The Buchner flask can be used in conjunction with a Buchner funnel in vacuum filtration, and is a much quicker process than the gravity filtration used with normal filter funnels. A vacuum tube can be affixed to the flask’s sidearm, which rapidly sucks through the solvent, leaving any solid in the Buchner funnel.
For separating solutions or liquids of different densities, separating funnels can be used. Liquids of a lower density will float to the top, then the mixtures can be tapped off separately. The similar-looking dropping funnel is used to add liquids or solutions to a reaction.
Another method of separating mixtures of compounds is column chromatography, which can be carried out using a chromatography column. The mixture is passed through a column of silicon dioxide or aluminium oxide, with different components of the mixture taking differing amounts of time to pass through the column.
Finally, the Thiele tube is a piece of apparatus used to determine the melting point of a solid compound. It contains and heats an oil bath, into which a sample can be placed along with a thermometer. Heating then allows melting point to be determined. The design of the flask allows the oil to circulate, ensuring even heating.
A range of different condensers can be utilised in laboratories as important components of distillation apparatus. The most commonly seen condenser in schools is the Liebig condenser, which has an inner tube through which vapour flows, surrounded by a ‘jacket’ through which cool water passes and condenses the vapour. The Graham condenser is similar to this, but has a coiled path for the vapour to flow through and condense. Meanwhile, the Friedrichs condenser inverts the arrangement, having a spiral coil through which the coolant flows, with the vapour surrounding it. Other varieties of condenser are also available, though are not shown here.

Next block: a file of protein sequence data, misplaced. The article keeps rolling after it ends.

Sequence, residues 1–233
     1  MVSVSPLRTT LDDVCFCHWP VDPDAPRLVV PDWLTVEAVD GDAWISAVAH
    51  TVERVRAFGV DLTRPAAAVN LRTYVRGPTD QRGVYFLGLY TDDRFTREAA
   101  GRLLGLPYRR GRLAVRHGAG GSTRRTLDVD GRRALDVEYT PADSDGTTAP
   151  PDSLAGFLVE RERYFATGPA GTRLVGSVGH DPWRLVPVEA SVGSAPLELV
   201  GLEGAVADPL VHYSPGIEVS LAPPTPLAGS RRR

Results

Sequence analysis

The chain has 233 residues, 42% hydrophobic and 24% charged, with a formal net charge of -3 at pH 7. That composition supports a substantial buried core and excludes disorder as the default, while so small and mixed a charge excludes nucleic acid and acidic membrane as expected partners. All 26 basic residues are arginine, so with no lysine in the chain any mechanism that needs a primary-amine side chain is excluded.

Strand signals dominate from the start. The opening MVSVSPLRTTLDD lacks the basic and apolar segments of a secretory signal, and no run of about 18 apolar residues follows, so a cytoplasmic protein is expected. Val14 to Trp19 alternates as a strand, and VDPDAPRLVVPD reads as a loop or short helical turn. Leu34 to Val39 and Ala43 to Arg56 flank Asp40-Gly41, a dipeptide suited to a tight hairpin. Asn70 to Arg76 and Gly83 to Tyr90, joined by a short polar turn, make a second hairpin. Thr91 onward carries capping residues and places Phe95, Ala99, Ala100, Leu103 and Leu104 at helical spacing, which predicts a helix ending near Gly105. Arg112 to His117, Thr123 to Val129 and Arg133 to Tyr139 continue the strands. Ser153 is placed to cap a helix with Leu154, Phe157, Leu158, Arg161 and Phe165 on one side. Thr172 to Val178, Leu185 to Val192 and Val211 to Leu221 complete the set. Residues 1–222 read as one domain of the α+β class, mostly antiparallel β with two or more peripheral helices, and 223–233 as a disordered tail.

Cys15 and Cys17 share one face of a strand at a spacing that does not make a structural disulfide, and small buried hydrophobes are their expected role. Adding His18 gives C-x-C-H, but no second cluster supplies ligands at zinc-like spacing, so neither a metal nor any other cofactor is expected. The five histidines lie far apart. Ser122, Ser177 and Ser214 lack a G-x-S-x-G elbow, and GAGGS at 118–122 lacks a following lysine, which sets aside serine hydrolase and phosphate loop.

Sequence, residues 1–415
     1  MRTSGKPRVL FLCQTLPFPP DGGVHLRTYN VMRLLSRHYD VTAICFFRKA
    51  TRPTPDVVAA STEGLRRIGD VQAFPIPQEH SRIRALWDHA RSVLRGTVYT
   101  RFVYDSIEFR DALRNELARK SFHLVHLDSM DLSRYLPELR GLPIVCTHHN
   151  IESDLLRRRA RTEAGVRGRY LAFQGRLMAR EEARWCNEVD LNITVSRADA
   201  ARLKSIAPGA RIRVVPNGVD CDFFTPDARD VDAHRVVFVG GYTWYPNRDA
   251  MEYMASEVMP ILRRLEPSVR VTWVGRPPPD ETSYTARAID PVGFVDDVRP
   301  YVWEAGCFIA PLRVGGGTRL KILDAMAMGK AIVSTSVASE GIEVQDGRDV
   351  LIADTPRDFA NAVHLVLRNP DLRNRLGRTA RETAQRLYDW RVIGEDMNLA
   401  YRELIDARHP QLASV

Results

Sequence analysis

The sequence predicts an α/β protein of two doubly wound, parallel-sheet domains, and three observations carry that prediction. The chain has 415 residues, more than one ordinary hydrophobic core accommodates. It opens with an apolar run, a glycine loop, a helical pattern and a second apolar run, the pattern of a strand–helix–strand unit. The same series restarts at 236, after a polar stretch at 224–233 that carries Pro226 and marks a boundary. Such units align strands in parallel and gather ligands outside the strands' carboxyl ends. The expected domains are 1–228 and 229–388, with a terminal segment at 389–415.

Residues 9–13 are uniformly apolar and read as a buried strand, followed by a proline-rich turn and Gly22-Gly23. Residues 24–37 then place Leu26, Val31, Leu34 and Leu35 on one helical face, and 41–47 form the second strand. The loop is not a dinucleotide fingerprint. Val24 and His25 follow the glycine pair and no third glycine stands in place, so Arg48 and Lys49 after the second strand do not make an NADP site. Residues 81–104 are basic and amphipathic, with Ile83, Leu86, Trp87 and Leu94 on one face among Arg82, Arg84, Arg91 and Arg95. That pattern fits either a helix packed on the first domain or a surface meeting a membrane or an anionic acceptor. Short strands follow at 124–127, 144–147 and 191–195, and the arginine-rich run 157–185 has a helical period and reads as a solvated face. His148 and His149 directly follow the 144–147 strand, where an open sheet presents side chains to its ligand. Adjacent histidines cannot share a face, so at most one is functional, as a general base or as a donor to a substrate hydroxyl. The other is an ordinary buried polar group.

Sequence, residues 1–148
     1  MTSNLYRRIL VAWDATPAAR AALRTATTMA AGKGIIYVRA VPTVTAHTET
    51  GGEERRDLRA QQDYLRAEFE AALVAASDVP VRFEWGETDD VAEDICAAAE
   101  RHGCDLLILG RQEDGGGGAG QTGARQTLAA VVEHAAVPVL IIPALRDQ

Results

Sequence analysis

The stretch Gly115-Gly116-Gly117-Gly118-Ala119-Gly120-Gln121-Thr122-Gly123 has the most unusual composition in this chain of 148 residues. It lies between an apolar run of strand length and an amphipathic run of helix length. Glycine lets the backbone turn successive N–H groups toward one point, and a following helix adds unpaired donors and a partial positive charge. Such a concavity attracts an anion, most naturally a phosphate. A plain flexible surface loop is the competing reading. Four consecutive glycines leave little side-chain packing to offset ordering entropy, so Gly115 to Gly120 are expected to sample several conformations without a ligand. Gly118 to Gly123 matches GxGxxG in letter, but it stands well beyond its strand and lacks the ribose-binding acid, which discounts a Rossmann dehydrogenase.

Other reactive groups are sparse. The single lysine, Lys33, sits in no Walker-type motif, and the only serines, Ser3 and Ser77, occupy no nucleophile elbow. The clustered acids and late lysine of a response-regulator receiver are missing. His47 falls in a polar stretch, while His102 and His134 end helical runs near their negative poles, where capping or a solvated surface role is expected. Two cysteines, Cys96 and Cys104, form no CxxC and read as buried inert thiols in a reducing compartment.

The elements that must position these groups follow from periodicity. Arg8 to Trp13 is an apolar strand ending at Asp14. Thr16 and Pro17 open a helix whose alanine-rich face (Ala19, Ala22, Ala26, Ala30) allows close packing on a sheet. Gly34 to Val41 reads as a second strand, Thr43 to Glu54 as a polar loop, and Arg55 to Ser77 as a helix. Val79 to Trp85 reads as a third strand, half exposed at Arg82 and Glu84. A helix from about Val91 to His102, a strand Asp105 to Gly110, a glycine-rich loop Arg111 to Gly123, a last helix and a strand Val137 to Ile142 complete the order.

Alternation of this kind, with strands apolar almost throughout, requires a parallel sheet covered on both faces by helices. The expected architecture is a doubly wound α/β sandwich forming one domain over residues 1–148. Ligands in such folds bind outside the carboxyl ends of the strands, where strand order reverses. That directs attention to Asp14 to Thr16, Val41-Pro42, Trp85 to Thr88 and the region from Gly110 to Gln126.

Another piece of glassware that falls loosely into this category is the fractionating column. This helps separate a mixture during distillation, as vapours collect and distill on the small glass ‘trays’ ascending the column. Only the most volatile gases will ascend all the way to the top of the column to be distilled off.
A number of pieces of chemistry glassware are used to accurately measure volumes; the most obvious being the graduated cylinder, or measuring cylinder, which can come in a variety of sizes.
For measuring volumes of solutions more precisely, a volumetric pipette can be used. These come in a variety of sizes, each measuring a fixed volume of solution. Graduated pipettes can also be used, which allow various small volumes to be measured out. For measurement of volumes during titrations (the addition of one solution to another to determine an unknown concentration) burettes are used. These are long, narrow tubes, with incremental volume markings, which allow precise volumes of solutions to be dropped into another solution.
For measuring the volume of gas produced in a reaction, a gas syringe can be used. This piece of apparatus can be attached to the top of a flask via a piece of tubing, and the gas produced pushes the plunger out of the syringe, allowing the gas volume to be measured.
The only piece of glassware we haven’t mentioned is the Soxhlet extractor. This is used to extract chemicals from a solid sample into a liquid. You can see it in action in this video which details the extraction of caffeine from coffee.
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References & Further Reading